We sat in the waiting room after her consultation for wisdom teeth surgery. As a mother of 6, it was a typical afternoon in my life, I had so much to do. I had 3 kids to help with homework, dinner to prepare, soccer pickups and only an hour or so to do it all. “Okay, I really need to go, you can finish up here,” I said. “Please just stay here with me,” she whispered. So I did.
She is 18. My oldest. She is mature, loving, kind, smart, hard-working, compassionate, independent, strong, and everything I had prayed she would be as I raised her. But she is only 18. Although she so very capable and is all these things and more, I’m learning that she still needs a mom.
Two days later, I am in the same waiting room while she is sedated, enduring a very routine surgery. Still…she is still my baby of 18 years and I worry about her as they take her in. I’m not only worried about her at this moment but for her future. Despite how great she really is turning out, I see she is desperately lacking in so many areas. Areas that if she doesn’t get control of now, they could have long-term consequences in her life. She could very easily become a financial mess if she doesn’t learn some self-control. What if she marries someone who will someday hurt her? She has to not be so naive and trusting of others, and a million other faults only a mother would know. However, no matter what happens to her, what poor decisions she makes, or trouble she may someday get herself into, as long as there is breath in my lungs, she will always have a secure place to fall.
I’m 44 years old and I still have moments when I just want my mom and nobody else will do.
It’s days like this that I consider deeply the needs of the young people that surround me.
You teenage girls. Somewhere between a woman and a child, I know you are growing up, I know you are becoming independent and strong. And your mothers want you to. But on those days when you are feeling restless and just want to get out on your own and are tempted to say or do something that will push her away, please, don’t forget that you will always want your mom.
You will want her there when you are considering who to marry, she knows you best. You will want her love, experience, and advice.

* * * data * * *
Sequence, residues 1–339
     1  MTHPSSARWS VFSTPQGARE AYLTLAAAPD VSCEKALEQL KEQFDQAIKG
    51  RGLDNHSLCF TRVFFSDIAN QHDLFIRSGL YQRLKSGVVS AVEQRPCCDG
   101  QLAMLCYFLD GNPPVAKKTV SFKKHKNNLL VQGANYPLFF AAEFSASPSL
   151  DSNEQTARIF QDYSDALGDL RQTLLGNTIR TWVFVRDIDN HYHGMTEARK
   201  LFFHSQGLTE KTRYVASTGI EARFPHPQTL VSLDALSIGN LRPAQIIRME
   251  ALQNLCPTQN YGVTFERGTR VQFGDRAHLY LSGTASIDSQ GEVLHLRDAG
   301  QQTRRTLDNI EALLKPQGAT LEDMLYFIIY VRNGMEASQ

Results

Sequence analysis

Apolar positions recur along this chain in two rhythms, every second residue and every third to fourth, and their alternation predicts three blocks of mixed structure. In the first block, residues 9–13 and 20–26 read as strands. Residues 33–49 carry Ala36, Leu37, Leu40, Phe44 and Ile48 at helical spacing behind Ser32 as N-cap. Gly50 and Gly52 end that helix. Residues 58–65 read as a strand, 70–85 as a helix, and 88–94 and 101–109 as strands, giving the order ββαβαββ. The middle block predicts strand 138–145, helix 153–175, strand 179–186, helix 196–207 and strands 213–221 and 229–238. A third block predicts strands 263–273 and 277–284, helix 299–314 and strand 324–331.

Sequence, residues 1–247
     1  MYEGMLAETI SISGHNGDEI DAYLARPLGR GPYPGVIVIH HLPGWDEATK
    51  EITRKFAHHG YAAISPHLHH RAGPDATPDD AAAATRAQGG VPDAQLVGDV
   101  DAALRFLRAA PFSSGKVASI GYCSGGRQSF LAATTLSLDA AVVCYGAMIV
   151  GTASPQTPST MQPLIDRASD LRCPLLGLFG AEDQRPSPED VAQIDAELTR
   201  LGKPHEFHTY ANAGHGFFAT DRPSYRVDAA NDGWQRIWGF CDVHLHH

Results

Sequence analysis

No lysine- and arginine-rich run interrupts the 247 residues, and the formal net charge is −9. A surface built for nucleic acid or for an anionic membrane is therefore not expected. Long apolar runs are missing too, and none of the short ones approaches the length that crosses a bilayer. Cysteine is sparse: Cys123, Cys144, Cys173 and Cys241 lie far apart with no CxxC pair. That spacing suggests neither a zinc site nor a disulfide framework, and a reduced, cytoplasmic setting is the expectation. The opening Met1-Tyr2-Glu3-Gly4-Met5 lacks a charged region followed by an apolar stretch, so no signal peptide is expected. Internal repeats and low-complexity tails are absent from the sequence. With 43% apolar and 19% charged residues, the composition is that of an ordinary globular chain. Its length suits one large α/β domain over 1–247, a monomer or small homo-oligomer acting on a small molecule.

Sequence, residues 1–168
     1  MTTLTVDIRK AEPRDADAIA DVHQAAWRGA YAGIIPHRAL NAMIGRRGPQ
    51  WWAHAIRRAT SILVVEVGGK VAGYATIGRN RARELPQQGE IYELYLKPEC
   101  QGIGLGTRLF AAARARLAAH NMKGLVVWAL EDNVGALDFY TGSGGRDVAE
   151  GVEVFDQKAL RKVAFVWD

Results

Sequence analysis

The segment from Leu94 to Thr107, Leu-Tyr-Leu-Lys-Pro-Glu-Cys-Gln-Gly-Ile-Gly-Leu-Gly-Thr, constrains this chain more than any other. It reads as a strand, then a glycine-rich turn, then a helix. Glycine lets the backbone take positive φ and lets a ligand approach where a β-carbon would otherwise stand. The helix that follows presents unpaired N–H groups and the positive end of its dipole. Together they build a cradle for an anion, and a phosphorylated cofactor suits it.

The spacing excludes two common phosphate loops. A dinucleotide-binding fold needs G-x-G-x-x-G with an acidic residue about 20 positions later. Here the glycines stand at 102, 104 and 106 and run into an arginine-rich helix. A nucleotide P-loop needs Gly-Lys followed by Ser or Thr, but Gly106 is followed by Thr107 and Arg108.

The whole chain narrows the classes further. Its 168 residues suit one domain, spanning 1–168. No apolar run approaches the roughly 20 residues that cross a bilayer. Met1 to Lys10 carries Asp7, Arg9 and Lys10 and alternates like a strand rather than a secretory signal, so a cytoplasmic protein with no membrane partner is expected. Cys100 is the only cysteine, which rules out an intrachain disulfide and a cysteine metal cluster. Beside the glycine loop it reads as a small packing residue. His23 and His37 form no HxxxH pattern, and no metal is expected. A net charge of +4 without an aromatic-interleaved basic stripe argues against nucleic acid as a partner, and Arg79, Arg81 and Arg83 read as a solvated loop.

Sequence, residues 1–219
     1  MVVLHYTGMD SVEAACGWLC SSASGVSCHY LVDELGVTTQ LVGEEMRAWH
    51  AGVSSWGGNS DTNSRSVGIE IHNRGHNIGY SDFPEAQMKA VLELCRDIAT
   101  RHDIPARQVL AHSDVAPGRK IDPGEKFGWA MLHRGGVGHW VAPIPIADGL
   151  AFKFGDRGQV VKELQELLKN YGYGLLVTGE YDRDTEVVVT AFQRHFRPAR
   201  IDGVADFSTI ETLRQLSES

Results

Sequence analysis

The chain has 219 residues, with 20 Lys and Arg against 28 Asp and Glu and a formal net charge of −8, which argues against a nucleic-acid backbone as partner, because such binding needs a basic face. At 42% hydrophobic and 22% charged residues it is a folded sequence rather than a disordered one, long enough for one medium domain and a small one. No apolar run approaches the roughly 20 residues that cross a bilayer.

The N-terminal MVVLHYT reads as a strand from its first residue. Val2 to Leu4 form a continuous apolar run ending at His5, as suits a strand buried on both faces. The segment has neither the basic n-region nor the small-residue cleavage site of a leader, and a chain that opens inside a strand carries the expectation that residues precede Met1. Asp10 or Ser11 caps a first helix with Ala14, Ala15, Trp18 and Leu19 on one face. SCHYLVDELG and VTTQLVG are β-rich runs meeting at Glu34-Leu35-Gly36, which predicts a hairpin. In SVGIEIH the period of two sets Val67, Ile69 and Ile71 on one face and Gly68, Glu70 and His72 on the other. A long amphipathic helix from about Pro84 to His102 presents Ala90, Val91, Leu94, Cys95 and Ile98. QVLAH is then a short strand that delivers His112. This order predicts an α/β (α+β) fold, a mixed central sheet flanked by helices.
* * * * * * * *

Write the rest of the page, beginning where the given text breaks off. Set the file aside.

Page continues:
You will want her there when you do get married. You will want her to help you choose a photographer and a caterer. You will want her to hold your hand on that day and tell you it’s all going to be okay as your eyes are filling up with tears because you are feeling the weight of, but not fully understanding a decision that will affect the rest of your life.
You will want her there when you have your own babies and you understand for the first time how deep her love for you really is.
You will want her there when your husband loses his job and you have nowhere to go.
You will want her shoulder to cry on when you feel like you are messing up parenting, your marriage, or your job at every turn.
You will want her there as you stumble through the heartache of poor decisions you’ve made and you will want her there to help celebrate the triumphs.
You will miss her deeply when she is gone. And you will want her back.
Girls, nobody will ever love you like your mom does. That’s how God designed it. The things you say to hurt to your mother now, she will easily forgive. However, let me encourage you to spend these teen years building that relationship you are going to need so greatly in the future instead of tearing it down. Invest in this relationship. Your small investment now will turn a future profit later in your life that you could never have imagined.
And I promise you will still want her there when you are finally wearing your “big girl panties” sitting in the dental office about to have your wisdom teeth pulled. Nothing can replace a mom. Who else could laugh at you while you are still drugged from having your wisdom teeth pulled and crying about the fact that you can’t have lunch with Tim Tebow? Or a puppy? Only your mom.
See…she totally still needs me.
By Tanya Pirtle
Tanya Pirtle has been a daughter of the King of Kings for 25 years, married to her favorite man for 22 years, and mother to her six favorite children (four by birth and two by adoption) for what seems like an eternity. She lives in Utah, loves the word of God, His people, and the mountains.